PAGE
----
In the search for new flavours, the craft sector has rediscovered the qualities of wooden barrels in the beer brewing process. The results are nothing short of spectacular.
Barrel-aged beers tend to be distributed in limited and exclusive batches, and now they are becoming consolidated as one of the most tempting processes for producers. What’s new on the market? Keep reading…
Centuries ago, wooden barrels were used for transporting and keeping beer in perfect condition until it reached its destination after a months-long journey by land or sea.
However, today, besides being a part of the furniture and decor of numerous pubs, bars and on-trade establishments, barrels are fulfilling a new mission. These containers have become the most precious wooden recipients for certain brewers, and manufacturers have decided to sign on to the exciting trend of storing their creations in them for months. The objective is to obtain new complex and creative results to offer the consumer.
Using barrels in beer brewing requires knowledge
Barrel-aging is an art that has been transplanted to the brewery, and it requires considerable experience and knowledge. It’s a method that goes way beyond simply putting the liquid in a barrel and letting it sit for a time. So, it’s crucial to have experts onsite who can study the processes and different chemical interactions.
Ever since the craft world rediscovered the qualities of wooden barrels for aging beer and developing complex and unique liquids, the trend has been spreading worldwide. To name a few places, barrel-aged beers are a hot product in the United States, Belgium, the Netherlands, Germany and Spain. Let’s take a look at the trends and most common materials used in this technique.
Where the barrels come from
Different types of barrels are used to add the desired aromatic and flavour sensations. Oak barrels are the most common, and they are typically employed either new or used, in the latter case after certain types of beverages like liqueur wines or sherries have been aged in them.
There are also others that previously contained other types of distilled spirits, such as rum, bourbon, whisky or even tequila. The U.S. brewer Founders Brewing, whose majority shareholder is Mahou San Miguel, has opted for these types preparations and creations. It’s kicking off the new year by launching an extensive list of barrel-aged beers under a drip marketing strategy (in November it had already envisioned a series of additional innovations). Its latest play, the 2021 “Barrel Aged” series, looks quite promising and is highly valued in the sector internationally.
The months-long aging time gives the beer smoky notes of vanilla, hazelnut and caramel, among other nuances.
Other options use a process of pre-toasting inside the barrels in order to bring out and intensify the wood flavour in the beer.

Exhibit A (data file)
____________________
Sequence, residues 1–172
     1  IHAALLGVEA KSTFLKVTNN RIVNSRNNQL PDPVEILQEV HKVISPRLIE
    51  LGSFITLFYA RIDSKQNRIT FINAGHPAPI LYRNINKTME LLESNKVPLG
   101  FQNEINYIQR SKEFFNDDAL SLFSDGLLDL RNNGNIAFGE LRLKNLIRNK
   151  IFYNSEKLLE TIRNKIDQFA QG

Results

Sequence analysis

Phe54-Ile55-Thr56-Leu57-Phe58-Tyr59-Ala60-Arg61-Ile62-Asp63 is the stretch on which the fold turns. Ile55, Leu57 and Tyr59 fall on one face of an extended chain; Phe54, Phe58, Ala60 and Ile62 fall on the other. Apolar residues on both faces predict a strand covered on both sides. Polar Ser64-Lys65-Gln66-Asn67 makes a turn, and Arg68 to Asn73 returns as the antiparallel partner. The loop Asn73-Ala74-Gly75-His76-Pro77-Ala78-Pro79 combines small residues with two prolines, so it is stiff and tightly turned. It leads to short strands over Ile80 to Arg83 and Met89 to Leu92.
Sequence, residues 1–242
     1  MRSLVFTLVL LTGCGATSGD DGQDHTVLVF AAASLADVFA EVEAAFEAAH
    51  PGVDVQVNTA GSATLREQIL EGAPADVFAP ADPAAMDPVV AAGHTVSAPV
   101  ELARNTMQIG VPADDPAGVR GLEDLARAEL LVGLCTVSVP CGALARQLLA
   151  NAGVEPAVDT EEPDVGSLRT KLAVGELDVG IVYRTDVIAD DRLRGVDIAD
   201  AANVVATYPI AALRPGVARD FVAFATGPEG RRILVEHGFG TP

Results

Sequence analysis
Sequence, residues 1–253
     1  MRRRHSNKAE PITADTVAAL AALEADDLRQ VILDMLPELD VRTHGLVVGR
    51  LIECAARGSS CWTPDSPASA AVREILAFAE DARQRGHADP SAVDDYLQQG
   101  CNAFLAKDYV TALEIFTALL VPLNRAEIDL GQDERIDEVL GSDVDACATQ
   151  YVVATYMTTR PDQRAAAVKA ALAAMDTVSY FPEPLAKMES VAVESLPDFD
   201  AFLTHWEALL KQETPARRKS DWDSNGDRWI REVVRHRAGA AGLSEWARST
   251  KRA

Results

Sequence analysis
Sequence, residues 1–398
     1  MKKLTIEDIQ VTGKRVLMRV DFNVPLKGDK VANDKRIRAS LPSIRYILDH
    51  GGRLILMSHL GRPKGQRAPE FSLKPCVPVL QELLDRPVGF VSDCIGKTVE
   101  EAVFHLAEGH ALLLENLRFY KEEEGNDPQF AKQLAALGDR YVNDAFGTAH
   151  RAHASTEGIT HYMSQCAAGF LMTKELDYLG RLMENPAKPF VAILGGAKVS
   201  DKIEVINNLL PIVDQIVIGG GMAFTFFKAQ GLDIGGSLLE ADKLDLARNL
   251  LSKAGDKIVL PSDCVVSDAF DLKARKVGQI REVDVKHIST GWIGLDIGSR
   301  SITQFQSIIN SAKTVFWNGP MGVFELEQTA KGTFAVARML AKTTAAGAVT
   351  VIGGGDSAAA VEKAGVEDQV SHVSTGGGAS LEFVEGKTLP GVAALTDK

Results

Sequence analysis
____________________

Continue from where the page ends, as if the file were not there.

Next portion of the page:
A few options that are perfect for barrel-aging
Within beer brewing, there are certain styles with characteristics that lend themselves especially well to aging. Although dark beers and beers with a higher alcohol content are normally chosen, diversity is increasing and now barrel-aged lagers or even IPAs are also becoming trendy.
1. Barrel-aged lagers are coming on strong
Brewmasters have gotten moving in recent years, and there are more and more promising results available. We are talking about lager beers which, with certain procedures and rigorous aging processes, are becoming very well positioned in the market. Aged in bourbon barrels or using barrels that formerly contained certain wines, they are capturing a wide consumption sector.
2. Saison, or seasonal beers, and Bière de Garde
Without being at all the same thing, Saison beers are often compared to the beverage of the gods because they share certain similarities. Among them are the flavours that come from the tannins and lactones, as they are stored for months in barrels that previously contained wine.
The same thing is happening with farmhouse beers, such as the French “bière de garde”, which require aging to achieve good results.
3. Imperial Stout
If we’re talking about barrel-aged beers, we can say that Imperial Stouts, normally aged in bourbon barrels, are one of their leading exponents.
4. Amber ale and red ale
These styles from the United States meet all the requirements for undergoing an aging process to obtain new and very promising results.
5. Experimental Double IPA and NEIPA recipes
Let’s not lose sight of this aging technique, because some of the best Double IPAs in the world that have received recognition in recent months are the result of aging in wooden barrels. If the IPA is one of the most-consumed styles at the moment, aged Double IPA or NEIPA recipes are making a splash.
6. Aged sour beers
It is said that they are the perfect combination, as they’re halfway between beer and wine. Sour beers aged in wine barrels, with aging times that vary according to their evolution, sound good.
7. Fruit beers, lambics, etc.
The production of beers that ferment for months is a strong trend in terms of consumers who are increasingly knowledgeable and ready to savour unique results.
8. Spirits aged in beer barrels, a turn of the screw
If barrel-aged beers are everywhere, the spirits sector is breaking into the market with a new production method that turns this craft trend on its head. These are whiskies aged in barrels that previously contained beer. The first series that made it to our country is part of the Glenfiddich Series with the Glenfiddich IPA variety, which is finished in beer barrels. The experiment is the result of two products whose raw material is malted barley: single-malt whisky and beer.
The Irish Jameson brand has also joined the experiment with the Jameson Cask Mates product, a whisky aged in artisanal dark beer barrels.